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Saturn’s moon Dione Covered by Mysterious Stripes

Oct. 24, 2018

alex pattoff

 Distribution of linear virgae on Dione and Rhea. Shown are the distribution of linear virgae (green) crater rays (pink) and candidate linear virgae (orange) a. Global distribution of linear virgae, crater rays, and candidate linear virgae on Dione. b. Detailed view of linear virgae (green arrows) on Dione. Image No. N1649318802 centered at 22°W, 10°N. c. Global distribution of candidate linear virgae on Rhea. d. Detailed view of candidate linear virga.

Image Credits: A) Basemap from Roatsch et al, 2008. B) Image No. N1649318802. C) Basemap from Roatsch et al, 2012. D) Image No. N1673420688.


Tucson, Ariz. -- Mysterious straight bright stripes have been discovered on Saturn’s moon Dione, says research by Planetary Science Institute Associate Research Scientist Alex Patthoff. 

The origins of these linear virgae (virgae meaning a stripe or streak of color) are most likely caused by the draping of surface materials like material from Saturn’s rings, passing comets, or co-orbital moons Helene and Polydeuces. 

“The evidence preserved in the linear virgae has implications for the orbital evolution and impact processes within the Saturnian system,” Patthoff said. “Plus, the interaction of Dione’s surface and exogenic material has implications for its habitability and provides evidence for the delivery of ingredients that may contribute the habitably of ocean worlds in general.”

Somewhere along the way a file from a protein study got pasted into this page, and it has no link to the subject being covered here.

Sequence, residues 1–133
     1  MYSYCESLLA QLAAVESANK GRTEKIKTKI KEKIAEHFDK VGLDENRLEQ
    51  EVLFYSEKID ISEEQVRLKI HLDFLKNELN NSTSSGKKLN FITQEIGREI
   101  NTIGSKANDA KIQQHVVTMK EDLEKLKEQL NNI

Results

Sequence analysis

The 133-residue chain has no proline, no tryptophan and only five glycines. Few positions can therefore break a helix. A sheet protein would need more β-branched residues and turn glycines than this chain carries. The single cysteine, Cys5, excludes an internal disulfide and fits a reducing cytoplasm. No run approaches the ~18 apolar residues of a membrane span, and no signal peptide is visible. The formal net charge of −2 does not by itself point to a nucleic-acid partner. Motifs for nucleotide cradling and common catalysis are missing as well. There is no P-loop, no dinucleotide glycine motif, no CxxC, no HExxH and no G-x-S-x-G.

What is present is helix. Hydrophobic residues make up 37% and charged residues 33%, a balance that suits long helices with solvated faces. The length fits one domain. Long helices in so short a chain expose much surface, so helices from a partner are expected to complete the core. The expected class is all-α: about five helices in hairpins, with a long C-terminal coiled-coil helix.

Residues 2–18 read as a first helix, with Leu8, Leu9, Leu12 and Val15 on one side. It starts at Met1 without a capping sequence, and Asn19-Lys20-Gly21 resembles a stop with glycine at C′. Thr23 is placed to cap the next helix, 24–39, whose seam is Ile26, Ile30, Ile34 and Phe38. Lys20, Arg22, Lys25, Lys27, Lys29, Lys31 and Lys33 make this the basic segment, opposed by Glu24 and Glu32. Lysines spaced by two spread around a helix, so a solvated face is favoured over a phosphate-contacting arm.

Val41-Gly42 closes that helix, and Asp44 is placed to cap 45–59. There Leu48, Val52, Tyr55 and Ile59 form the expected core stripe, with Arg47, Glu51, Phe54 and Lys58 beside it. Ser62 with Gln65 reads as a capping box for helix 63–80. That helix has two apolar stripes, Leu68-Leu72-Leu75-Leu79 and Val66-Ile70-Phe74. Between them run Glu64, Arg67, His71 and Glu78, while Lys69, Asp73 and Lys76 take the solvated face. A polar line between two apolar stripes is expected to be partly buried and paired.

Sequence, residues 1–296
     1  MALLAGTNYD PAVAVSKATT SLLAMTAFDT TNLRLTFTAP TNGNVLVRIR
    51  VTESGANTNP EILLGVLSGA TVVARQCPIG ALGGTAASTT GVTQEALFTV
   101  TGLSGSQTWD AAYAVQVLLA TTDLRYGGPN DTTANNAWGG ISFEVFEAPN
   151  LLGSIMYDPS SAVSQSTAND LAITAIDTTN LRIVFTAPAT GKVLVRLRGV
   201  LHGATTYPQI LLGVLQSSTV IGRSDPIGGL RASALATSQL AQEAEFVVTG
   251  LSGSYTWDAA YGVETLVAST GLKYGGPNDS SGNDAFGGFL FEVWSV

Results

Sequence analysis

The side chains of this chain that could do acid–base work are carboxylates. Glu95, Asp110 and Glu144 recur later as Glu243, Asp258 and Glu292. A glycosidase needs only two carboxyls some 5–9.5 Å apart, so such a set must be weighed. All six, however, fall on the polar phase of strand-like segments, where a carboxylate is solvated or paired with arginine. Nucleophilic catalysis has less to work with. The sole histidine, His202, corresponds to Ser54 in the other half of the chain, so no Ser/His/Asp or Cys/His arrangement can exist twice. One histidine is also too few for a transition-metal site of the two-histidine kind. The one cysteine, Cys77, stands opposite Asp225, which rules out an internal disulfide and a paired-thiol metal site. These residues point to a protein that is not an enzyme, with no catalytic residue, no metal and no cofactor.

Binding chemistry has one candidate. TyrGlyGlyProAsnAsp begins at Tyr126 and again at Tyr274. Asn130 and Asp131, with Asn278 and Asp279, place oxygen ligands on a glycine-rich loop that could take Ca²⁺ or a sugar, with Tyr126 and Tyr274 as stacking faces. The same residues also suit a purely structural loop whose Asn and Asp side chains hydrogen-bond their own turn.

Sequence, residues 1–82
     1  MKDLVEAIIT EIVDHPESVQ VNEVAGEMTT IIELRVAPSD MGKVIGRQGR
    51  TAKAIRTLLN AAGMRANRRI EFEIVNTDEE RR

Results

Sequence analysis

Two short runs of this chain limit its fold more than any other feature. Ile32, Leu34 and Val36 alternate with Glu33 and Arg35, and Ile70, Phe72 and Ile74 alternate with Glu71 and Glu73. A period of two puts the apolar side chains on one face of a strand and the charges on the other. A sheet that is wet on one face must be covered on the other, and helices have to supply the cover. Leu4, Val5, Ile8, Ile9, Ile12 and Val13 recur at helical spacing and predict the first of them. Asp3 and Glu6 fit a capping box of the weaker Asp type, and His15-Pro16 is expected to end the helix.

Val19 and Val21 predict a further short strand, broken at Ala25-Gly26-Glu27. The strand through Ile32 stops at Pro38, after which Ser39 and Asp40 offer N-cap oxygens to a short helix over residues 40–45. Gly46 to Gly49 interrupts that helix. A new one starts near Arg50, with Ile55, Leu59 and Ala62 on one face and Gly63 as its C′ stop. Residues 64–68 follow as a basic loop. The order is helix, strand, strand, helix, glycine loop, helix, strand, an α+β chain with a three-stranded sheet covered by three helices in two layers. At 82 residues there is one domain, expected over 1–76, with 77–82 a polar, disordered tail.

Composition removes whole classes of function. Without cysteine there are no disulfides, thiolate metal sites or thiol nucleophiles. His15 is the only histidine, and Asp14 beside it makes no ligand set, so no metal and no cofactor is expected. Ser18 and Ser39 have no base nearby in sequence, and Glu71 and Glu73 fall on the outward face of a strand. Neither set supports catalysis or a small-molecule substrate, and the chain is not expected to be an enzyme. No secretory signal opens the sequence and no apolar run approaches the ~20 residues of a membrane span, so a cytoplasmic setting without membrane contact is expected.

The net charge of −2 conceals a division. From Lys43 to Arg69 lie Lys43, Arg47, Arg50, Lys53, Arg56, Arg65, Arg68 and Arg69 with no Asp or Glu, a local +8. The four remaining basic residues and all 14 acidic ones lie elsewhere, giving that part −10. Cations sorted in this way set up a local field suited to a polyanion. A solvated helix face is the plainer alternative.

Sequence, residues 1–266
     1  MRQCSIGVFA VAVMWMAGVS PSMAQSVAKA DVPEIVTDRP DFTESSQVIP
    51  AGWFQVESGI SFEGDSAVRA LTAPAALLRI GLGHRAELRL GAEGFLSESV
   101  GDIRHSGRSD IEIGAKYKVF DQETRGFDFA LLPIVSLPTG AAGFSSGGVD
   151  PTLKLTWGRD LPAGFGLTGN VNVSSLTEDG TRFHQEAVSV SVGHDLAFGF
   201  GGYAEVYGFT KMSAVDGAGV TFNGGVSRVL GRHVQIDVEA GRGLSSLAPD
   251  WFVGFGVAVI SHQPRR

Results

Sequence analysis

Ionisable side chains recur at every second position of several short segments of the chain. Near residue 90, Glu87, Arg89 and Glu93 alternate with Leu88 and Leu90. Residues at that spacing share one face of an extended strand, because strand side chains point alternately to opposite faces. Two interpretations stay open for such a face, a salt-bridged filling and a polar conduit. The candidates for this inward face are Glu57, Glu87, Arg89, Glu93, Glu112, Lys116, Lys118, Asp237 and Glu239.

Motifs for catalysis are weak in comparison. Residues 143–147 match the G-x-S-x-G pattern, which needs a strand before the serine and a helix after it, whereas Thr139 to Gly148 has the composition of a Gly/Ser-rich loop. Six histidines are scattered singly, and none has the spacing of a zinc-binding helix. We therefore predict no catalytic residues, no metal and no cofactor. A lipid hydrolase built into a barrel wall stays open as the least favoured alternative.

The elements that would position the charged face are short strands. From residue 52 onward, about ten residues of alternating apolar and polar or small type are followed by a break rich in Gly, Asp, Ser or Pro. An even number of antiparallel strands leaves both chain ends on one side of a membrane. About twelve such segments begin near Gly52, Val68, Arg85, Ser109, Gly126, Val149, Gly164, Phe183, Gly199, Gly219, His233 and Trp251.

Patthoff and Emily S. Martin of the Center for Earth and Planetary Studies at the National Air and Space Museum, are co-authors on a new paper “Mysterious linear features across Saturn’s moon Dione” that appears in the journal Geophysical Research Letters. They studied images from NASA’s Cassini spacecraft, which also revealed similar features on Saturn’s moon Rhea. 

Dione’s linear virgae are generally long (10 to 100s of kilometers), narrow (less than 5 kilometers) and brighter than the surrounding terrains. The stripes are parallel, appear to overlie other features and are unaffected by topography, suggesting they are among the youngest surfaces on Dione. 

“Their orientation, parallel to the equator, and linearity are unlike anything else we’ve seen in the Solar System,” Patthoff said. “If they are caused by an exogenic source, that could be another means to bring new material to Dione. That material could have implications for the biological potential of Dione’s subsurface ocean.” 

Patthoff’s research was funded by a grant from NASA’s Cassini Data Analysis Program.




Alan Fischer

Public Information Officer


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Alex Patthoff

Associate Research Scientist

apatthoff [at]



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